Local rabbis reject call for a Muslim ban

Local rabbis reject call for a Muslim ban

Members of the Rabbinical Association in the Heart of NJ at their first social event, held Dec. 21 at Sandcastle Billiards in Edison are, from left, Rabbis Robert Wolkoff (Congregation B’nai Tikvah, North Brunswick), Esther Reed (Rutgers Hillel), Ja
Members of the Rabbinical Association in the Heart of NJ at their first social event, held Dec. 21 at Sandcastle Billiards in Edison are, from left, Rabbis Robert Wolkoff (Congregation B’nai Tikvah, North Brunswick), Esther Reed (Rutgers Hillel), Ja

The Rabbinical Association in the Heart of New Jersey has rejected calls to ban Muslims from entering the country.

In a statement posted Dec. 14, the organization, representing 31 rabbis who either work or live in Middlesex or Monmouth County, declared that no one should be excluded from entering the United States based on his or her religion. 

Although it does not mention Donald Trump by name, the statement comes on the heels of the Republican presidential frontrunner’s call, in the wake of the San Bernardino shootings, to temporarily ban all Muslims from entering the United States.

“We are blessed to live in a country where people of all faiths, including Christians, Jews, and Muslims, live free of religious persecution,” the statement said.

“Our own Jewish faith has been victim of such prejudice and oppression. We advocate that our country welcome all those who wish to live peacefully no matter what religion they practice.”

The statement is the latest action of a six-year-old group that has grown on the strength of the January 2015 merger of the Jewish federations of Greater Middlesex and Monmouth counties, resulting in the Jewish Federation in the Heart of NJ. The decision to issue a statement grew out of the association’s last monthly meeting, on Dec. 9.

“The subject was being discussed, and the overwhelming majority of those present favored a public statement,” said association president Rabbi Jay Weinstein of Young Israel of East Brunswick. “This was not politically motivated, but reflected our belief that a moral, ethical issue was involved.” 

The statement appears on the federation website (jewishheartnj.org), as well as on the Facebook pages of several participating association members.

“We’ve received a lot of Facebook ‘likes’ and no negative comment at all,” said Rabbi David Vaisberg, the association’s vice president and religious leader of Temple Emanu-El in Edison.

Weinstein and Vaisberg, along with association secretary Rabbi Ari Saks of Congregation Beth Mordecai in Perth Amboy, spoke to NJJN via a four-way conference call.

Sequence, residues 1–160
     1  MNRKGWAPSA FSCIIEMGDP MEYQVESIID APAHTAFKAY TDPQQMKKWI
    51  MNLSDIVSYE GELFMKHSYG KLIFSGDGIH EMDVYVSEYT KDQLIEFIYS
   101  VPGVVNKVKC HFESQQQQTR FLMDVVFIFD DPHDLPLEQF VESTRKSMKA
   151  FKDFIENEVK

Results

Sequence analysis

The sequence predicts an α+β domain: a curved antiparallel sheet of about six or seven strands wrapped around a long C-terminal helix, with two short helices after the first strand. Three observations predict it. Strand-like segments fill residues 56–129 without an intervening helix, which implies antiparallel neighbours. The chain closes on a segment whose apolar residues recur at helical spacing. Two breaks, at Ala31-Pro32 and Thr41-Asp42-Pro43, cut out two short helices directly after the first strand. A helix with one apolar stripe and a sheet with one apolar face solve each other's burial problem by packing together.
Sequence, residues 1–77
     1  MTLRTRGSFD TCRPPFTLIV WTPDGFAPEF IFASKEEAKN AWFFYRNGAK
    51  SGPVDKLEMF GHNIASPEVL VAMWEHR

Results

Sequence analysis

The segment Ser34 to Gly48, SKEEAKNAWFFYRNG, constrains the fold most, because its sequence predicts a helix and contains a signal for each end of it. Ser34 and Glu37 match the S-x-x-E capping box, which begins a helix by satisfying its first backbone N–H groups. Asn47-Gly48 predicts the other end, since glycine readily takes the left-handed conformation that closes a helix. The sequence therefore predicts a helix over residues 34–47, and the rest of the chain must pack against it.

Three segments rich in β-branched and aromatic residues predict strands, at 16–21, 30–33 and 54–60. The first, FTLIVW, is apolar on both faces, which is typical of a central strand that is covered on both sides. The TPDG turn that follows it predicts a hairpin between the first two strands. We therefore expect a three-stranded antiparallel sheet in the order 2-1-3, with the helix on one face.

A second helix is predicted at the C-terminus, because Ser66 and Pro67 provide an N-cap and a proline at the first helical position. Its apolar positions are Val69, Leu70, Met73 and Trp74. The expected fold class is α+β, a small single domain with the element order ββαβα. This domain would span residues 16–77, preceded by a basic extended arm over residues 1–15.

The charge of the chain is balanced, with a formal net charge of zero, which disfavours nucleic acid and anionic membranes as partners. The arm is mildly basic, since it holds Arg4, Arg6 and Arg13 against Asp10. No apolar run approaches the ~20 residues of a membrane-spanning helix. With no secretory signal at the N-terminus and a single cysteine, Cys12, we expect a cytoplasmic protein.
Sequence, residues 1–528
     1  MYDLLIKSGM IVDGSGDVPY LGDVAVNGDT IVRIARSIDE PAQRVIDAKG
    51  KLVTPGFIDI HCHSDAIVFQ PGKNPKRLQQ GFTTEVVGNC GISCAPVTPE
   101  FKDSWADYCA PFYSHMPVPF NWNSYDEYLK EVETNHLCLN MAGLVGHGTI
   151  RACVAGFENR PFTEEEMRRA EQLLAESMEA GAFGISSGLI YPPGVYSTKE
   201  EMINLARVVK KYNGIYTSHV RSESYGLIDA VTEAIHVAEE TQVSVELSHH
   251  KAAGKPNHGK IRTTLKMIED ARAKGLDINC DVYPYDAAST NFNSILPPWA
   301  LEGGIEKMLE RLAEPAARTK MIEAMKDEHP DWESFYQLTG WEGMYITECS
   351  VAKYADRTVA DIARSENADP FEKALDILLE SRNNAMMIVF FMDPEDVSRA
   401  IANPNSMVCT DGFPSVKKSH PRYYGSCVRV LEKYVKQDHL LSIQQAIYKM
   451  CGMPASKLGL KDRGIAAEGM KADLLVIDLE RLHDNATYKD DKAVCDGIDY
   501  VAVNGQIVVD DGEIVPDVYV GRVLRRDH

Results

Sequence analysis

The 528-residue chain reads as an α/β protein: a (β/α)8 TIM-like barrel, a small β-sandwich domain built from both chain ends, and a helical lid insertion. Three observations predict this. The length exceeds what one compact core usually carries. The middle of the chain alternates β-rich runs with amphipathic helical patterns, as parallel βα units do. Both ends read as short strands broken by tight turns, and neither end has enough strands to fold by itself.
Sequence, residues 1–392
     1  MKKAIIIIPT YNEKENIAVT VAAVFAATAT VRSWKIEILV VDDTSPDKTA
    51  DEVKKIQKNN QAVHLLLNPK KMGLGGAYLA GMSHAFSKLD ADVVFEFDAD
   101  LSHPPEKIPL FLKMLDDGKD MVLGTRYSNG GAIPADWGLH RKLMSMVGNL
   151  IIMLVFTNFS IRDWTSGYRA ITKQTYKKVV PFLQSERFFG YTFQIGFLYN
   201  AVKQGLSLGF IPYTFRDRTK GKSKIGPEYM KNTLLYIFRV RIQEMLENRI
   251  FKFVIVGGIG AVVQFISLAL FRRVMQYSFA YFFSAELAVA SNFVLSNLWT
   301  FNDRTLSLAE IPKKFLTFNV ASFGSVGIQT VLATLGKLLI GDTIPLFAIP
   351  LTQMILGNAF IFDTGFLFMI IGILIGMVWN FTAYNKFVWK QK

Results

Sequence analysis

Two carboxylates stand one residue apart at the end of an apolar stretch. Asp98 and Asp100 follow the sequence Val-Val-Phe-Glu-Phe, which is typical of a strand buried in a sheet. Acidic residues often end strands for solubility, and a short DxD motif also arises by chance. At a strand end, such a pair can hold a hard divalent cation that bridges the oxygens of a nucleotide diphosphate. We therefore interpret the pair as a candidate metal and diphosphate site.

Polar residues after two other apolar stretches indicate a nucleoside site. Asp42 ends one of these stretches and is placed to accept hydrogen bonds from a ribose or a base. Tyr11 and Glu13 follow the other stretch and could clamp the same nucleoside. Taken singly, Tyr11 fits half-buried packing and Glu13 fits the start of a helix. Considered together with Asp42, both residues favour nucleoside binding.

Saks said this was not the first such statement presented by the group. On Oct. 15, they posted a statement in solidarity with Israelis in the wake of a series of stabbings and car-rammings by Palestinian terrorists. In that statement, its members “affirm the right of the State of Israel to defend its citizens” and ask community members to pray for peace and security in Israel. 

Vaisberg said the new statement is consistent with recent efforts to improve relations between Jewish and Muslim communities in the region. Last month, Temple Emanu-El hosted an interfaith dialogue with Vaisberg and Imam Raouf Zaman and members of the Muslim Center of Middlesex County in Piscataway.

Originated by six Middlesex County rabbis, the Rabbinical Association is not limited to hot-button topics like Muslim-Jewish interaction. “The initial goal was to provide a mechanism for rabbis to come together on issues of personal and professional significance,” said Weinstein.

Following the merger, the association, whose members were previously only from Middlesex, invited Monmouth County rabbis to join. They also added “Heart of New Jersey” to reflect the federation’s new name. As of now, some one-third of the 31 members are from Monmouth.

Vaisberg said the Rabbinical Association is an independent body. “We work closely with federation, one of our people is on its board, and we receive some funding, but we are not an official arm of federation,” he said.

In June, with the federation’s help, the rabbis’ organization held its first retreat, focusing largely on the changing roles clergy must play in a challenging new environment.

Other projects being developed by the association include a clergy mission to Israel, scheduled to depart in late February, and “Torah on Tap,” a learning and engagement program aimed at young adults.

“Every month, we plan to visit a different local bar where young adults gather,” said Vaisberg. “Our first session, held as an experiment in September, was at Hailey’s Harp & Pub in Metuchen. We offered a program covering crime and punishment within the context of Jewish values.”

The organization has a lighter side as well. Recently, the group held its first social event at Sandcastle Billiards in Edison. “We brought in some kosher pizza and got a coach to help us improve our pool shooting technique,” said Saks.

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